Related Articles

Why the Vetting and Barring Scheme is pure madness (http://www.deeppoliticsforum.com/comment/6179983/Why-the-Vetting-and-Barring-Scheme-is-pure-madness.html)

Mike Judge, a spokesman for The Christian Institute, which supports worshippers who feel they have been discriminated against, said: “If people have an axe to grind with Christianity or Christians they could make malicious allegations against them.
“A lot of traditional Christian views are being regarded as beyond the pale. It’s not beyond the stretch of imagination that because they have a particular view about sexual activity they will be deemed not suitable to work with children.
“In an atmosphere where a nurse can be suspended for offering to pray for someone, I’m very concerned that this new approach is going to consider religious belief.”
Starting next summer, an estimated 11.3million people in England, Wales and Northern Ireland will have to register with the ISA, the new vetting and barring body, if they want to work or volunteer with children, the elderly, ill or homeless.
Everyone from school governors and caretakers to dentists and nurses must have their backgrounds checked, along with authors who want to visit schools and parents who organise lifts to sports matches or Scout groups.
The agency’s staff will contact the Criminal Records Bureau to see if applicants have any convictions that should bar them from such jobs.
From next month, employers will be under a legal duty to tell the agency if they think a member of staff poses a risk to young or vulnerable people.
But official guidance discloses that unproven allegations and subjective opinions about an individual’s beliefs or personal life could also be used to end their careers in education, healthcare or sport, if there are concerns about their conduct.
ISA officials are also entitled to consider “information” received from former employers, professional bodies, members of the public or “stories in the press”.
If an applicant is suspected of harming a child, the case worker only needs to decide “whether it is ‘more likely than not’” that the alleged event occurred to consider barring them.
Even if they had been found not guilty of a crime in court, the guidance points out that the ISA’s standard of proof is lower and so “must still consider the case for itself”.
They are also told that “evidence not specifically relating to any particular event” can be considered relevant if it leads to the suspicion that an applicant may harm someone.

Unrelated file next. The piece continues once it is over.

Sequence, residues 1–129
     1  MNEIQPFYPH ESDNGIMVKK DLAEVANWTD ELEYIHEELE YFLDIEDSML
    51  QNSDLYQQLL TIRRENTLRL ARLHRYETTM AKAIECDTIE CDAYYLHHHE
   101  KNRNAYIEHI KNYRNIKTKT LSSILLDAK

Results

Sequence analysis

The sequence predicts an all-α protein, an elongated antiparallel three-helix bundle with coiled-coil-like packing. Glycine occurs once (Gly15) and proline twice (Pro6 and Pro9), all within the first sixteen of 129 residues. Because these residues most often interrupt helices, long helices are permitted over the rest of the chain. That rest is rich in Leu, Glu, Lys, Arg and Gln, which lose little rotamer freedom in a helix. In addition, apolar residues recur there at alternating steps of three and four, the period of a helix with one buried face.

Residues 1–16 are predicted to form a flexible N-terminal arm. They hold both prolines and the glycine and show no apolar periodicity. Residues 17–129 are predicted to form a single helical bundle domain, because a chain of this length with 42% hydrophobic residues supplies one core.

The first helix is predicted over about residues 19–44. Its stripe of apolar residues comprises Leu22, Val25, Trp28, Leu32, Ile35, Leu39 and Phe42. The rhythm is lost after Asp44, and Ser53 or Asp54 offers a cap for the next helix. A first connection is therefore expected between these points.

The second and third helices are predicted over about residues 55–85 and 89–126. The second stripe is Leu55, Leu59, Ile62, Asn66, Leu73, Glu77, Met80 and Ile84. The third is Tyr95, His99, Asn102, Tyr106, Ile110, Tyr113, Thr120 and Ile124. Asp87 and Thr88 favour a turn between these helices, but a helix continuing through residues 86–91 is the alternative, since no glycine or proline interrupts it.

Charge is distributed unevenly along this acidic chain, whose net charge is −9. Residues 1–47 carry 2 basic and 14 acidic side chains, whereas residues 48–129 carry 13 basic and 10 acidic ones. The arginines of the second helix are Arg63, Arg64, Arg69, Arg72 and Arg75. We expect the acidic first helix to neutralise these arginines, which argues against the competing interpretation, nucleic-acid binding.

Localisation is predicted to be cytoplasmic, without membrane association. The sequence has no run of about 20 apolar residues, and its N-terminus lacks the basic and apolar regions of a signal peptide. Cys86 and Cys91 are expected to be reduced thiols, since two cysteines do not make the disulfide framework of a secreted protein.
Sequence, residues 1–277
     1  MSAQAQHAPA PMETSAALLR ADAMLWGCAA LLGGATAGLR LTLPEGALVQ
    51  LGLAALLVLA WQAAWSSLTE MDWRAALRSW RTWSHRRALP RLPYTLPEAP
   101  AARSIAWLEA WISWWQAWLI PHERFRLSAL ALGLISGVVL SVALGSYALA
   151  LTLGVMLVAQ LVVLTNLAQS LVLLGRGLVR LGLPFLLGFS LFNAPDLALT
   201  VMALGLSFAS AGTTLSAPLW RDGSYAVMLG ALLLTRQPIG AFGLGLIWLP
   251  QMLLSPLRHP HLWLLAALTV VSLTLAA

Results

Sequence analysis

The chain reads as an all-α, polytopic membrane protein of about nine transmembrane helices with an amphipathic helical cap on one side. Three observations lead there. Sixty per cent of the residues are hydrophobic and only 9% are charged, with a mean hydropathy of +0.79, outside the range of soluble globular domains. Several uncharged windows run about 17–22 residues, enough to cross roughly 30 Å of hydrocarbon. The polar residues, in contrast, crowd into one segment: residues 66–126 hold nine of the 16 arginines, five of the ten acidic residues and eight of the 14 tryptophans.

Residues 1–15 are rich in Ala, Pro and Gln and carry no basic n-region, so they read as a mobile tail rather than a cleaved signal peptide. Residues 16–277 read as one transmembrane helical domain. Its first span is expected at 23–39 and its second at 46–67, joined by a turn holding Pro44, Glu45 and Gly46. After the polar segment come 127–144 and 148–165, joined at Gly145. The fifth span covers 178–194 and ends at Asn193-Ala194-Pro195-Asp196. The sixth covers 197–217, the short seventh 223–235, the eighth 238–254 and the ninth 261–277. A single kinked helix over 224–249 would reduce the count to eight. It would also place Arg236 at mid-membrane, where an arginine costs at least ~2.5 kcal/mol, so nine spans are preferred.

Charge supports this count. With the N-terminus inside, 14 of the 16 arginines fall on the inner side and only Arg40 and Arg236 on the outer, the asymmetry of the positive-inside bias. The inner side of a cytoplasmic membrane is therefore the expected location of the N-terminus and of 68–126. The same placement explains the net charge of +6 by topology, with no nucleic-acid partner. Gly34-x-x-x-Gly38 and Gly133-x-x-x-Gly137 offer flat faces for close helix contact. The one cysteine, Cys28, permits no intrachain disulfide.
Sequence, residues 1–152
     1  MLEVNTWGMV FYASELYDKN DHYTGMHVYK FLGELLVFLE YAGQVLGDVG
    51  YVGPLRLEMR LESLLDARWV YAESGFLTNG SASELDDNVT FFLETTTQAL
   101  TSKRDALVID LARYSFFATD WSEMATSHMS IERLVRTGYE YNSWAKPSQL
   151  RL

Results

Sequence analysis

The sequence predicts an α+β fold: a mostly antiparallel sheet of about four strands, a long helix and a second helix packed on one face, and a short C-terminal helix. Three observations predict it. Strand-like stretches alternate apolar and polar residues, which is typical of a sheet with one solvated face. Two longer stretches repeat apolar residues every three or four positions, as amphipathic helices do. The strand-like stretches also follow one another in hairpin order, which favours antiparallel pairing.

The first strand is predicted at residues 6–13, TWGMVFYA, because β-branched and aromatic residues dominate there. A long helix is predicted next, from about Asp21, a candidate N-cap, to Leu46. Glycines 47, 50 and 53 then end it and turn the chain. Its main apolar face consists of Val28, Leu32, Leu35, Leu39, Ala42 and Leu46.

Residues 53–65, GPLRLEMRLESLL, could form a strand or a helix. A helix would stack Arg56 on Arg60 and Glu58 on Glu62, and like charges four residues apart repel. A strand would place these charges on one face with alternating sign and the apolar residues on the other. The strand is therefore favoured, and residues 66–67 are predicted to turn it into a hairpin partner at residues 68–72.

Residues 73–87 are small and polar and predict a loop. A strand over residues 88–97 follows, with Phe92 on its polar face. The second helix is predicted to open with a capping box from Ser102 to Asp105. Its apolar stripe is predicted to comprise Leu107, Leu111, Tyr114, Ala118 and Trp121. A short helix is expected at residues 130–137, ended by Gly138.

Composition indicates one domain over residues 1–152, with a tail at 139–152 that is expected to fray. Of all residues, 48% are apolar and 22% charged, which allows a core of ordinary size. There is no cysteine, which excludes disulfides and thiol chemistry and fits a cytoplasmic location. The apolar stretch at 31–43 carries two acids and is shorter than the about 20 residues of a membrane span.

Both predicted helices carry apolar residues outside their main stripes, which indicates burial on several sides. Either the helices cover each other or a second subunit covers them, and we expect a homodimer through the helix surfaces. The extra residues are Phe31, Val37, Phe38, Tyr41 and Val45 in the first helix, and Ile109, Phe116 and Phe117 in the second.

Case workers must then work out “risk factors linked to future harm” based on an individual’s interests, attitudes, relationships and lifestyle, under the ISA’s Structured Judgement Process.
These include, in addition to an obsession with sex or violence, “presence of severe emotional loneliness and/or the inability to manage/sustain emotionally intimate relationships with age-appropriate adults”.
Other supposed risk factors include “links with anti-social peers”, “presence of impulsive, chaotic, unstable lifestyle” or "using substances or sex to cope with stress".
If an applicant raises “definite concerns” in two or more areas the expectation is that they will be barred, although they have eight weeks in which to contest the decision.
The Home Office confirmed that case workers will be allowed to “undertake appropriate research” on “internet chatrooms or social networking websites” such as Facebook if they think they may contain relevant information on an applicant.
However a spokesman insisted the ISA would have to believe an applicant had harmed or may harm a child before they would start looking into his private life, and said only a small proportion would fall into this category while the rest would not raise any concerns.
He said: “All relevant factors would be assessed to establish if there might be a potential risk of harm. The ISA will rely on the information that is provided by the referring organisation or individual.
“Of course such factors are only assessed if the caseworker has established that ‘relevant conduct’ or risk of harm has taken place – stages one and two of the decision making process must be satisfied before any of the risk factors are assessed.”
As of October 12, education and health bodies, councils, employment agencies and professional bodies are legally required to tell the ISA if they have sacked someone for harming a child or vulnerable adult. They must also report someone if they are “concerned about the behaviour or conduct”.

David Guyatt
09-13-2009, 10:25 AM
In reading the above Damien, I was reminded of the German conditions that led to the founding and immense success of the Hitler Jugend.

Prior to the arrival of Hitler, the Weimar Republic was financially crippled.

Similarities maybe?

Magda Hassan
09-13-2009, 10:56 AM
In reading the above Damien, I was reminded of the German conditions that led to the founding and immense success of the Hitler Jugend.

Prior to the arrival of Hitler, the Weimar Republic was financially crippled.

Similarities maybe?

Then there is this:
and this:

Helen Reyes
09-13-2009, 11:31 AM
and just to make it literally Big Brother and 1984, selected families will be monitored in their homes by 24-hour CCTV:

the point seems to be to take custody away from parents by degrees, then subject the youngsters to periodic imprisonment inside the schools during "lockdowns", to train them to be productive future members of the national security revolution.

Charles Drago
09-13-2009, 11:31 AM
How to think of complacency in the face of such horror?

As an Oh, well-ian nightmare?